Review: DNA sequencing at 40: past, present and future ($)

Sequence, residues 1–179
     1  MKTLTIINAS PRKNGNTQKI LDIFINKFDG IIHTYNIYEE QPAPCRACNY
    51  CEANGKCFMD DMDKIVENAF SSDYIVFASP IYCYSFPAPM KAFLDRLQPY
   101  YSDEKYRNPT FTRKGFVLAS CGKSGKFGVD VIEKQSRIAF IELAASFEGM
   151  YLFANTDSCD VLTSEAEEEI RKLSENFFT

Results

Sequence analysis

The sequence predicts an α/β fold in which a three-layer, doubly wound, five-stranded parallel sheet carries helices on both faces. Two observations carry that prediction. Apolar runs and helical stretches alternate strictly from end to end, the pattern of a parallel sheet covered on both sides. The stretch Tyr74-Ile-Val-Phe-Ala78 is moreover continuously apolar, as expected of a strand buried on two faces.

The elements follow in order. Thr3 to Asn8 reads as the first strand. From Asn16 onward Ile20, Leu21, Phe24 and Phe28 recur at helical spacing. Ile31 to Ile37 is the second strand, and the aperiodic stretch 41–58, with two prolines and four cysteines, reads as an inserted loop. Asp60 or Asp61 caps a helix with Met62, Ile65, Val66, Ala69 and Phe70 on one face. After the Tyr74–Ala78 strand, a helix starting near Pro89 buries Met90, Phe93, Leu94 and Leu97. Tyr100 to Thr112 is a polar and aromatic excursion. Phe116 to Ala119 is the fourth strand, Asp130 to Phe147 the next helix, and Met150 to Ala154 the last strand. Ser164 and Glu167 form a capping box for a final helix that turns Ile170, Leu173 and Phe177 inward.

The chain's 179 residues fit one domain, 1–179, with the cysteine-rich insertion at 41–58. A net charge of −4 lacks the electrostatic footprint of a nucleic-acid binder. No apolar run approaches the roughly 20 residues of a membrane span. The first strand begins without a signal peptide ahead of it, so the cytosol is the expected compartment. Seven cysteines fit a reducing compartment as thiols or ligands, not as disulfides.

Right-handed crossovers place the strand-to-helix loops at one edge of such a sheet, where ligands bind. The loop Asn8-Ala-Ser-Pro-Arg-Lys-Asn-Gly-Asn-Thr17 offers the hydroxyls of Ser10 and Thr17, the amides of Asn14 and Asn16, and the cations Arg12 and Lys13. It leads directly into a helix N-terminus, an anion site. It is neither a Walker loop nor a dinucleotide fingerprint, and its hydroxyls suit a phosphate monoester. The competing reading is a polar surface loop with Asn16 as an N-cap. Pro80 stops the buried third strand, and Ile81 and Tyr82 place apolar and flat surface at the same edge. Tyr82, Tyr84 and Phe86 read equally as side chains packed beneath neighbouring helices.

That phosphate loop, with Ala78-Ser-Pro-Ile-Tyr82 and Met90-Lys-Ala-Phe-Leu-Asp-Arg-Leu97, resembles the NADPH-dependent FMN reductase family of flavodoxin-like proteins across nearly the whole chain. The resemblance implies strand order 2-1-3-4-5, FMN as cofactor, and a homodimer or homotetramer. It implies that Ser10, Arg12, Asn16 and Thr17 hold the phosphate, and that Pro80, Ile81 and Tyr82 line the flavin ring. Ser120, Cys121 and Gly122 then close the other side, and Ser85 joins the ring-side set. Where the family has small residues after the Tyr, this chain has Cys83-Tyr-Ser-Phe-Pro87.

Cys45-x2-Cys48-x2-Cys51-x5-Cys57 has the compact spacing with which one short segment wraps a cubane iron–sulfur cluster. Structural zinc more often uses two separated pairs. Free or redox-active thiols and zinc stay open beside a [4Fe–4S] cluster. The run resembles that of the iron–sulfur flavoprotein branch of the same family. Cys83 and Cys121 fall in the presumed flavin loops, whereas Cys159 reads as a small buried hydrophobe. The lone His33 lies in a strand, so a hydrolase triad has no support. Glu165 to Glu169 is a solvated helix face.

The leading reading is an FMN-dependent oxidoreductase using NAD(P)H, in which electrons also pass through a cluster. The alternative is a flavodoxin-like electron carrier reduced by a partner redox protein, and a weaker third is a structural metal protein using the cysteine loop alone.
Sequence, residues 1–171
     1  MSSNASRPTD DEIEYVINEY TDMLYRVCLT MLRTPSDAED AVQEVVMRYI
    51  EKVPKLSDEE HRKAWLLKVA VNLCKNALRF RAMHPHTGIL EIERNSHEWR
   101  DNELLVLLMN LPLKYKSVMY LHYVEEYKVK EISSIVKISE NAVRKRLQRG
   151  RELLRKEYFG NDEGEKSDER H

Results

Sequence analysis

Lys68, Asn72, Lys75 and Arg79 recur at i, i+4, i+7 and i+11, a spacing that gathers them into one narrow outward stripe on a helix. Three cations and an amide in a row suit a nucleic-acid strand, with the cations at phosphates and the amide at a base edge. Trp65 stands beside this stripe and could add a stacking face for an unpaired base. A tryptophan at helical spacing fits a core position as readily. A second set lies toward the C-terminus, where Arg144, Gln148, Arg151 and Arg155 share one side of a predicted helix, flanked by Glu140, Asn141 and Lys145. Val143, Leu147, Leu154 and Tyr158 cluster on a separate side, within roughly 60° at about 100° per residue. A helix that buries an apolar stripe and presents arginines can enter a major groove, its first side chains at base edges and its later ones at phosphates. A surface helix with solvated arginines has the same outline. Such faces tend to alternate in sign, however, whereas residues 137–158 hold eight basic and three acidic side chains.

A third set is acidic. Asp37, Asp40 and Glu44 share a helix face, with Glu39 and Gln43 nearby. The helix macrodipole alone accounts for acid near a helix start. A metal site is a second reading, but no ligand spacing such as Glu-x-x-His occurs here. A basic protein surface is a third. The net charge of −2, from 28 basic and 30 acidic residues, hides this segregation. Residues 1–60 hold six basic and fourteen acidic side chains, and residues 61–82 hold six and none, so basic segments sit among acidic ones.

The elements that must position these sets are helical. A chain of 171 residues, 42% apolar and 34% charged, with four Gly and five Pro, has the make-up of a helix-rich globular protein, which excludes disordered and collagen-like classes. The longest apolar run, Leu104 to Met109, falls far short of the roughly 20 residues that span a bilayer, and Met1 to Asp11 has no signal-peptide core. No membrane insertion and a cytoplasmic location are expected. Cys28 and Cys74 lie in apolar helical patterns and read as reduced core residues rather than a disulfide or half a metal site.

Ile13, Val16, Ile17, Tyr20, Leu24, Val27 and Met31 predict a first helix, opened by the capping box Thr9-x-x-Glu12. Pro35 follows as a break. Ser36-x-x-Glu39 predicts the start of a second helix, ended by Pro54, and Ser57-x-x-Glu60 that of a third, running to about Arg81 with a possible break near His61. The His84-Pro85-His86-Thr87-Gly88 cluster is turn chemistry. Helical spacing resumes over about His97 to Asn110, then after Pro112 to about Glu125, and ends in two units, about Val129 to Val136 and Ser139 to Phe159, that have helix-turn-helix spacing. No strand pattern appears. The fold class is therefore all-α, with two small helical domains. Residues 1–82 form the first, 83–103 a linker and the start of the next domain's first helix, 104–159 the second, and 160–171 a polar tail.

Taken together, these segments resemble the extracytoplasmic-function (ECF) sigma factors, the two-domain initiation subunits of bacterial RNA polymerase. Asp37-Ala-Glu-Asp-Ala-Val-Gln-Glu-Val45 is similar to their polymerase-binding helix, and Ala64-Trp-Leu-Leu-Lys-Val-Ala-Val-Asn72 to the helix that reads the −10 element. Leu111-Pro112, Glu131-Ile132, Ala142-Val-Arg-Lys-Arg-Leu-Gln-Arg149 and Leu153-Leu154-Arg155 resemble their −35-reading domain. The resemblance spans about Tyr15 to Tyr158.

Shendure et al. provide a superb review of how DNA sequencing technology has changed over the years and how these changes open up new applications. They start with the Maxam and Gilbert chemical cleavage and the Sanger “chain-termination” methods developed in the 1970s, and describe the scale-ups required for the draft completion in 2001 of the Human Genome Project. These “first-generation” approaches were followed by the development of massively parallel or “next-generation” and “sequence-by-synthesis” methods in the 2000s, now dominated by the Illumina platform. We’re now in the era of “real-time, single-molecule” sequencing, exemplified by PacBio and Nanopore technologies. Although these single-molecule long reads are still prone to errors, they provide the essential longer scaffolds to which short reads can be aligned. This excellent review includes a timeline of genome milestones [including our favs, Arabidopsis thaliana (2000), Oryza sativa (2005), Cyanidioschyzon merolae (a red alga, 2007) and Zea mays (2009)] as well as computational and application milestones. The review ends wioth a look at the future technologies and applications of DNA sequencing, which the authors predict “will have a longevity and impact on par with or exceeding that of the microscope.” A super review article for teaching! Nature 10.1038/nature24286

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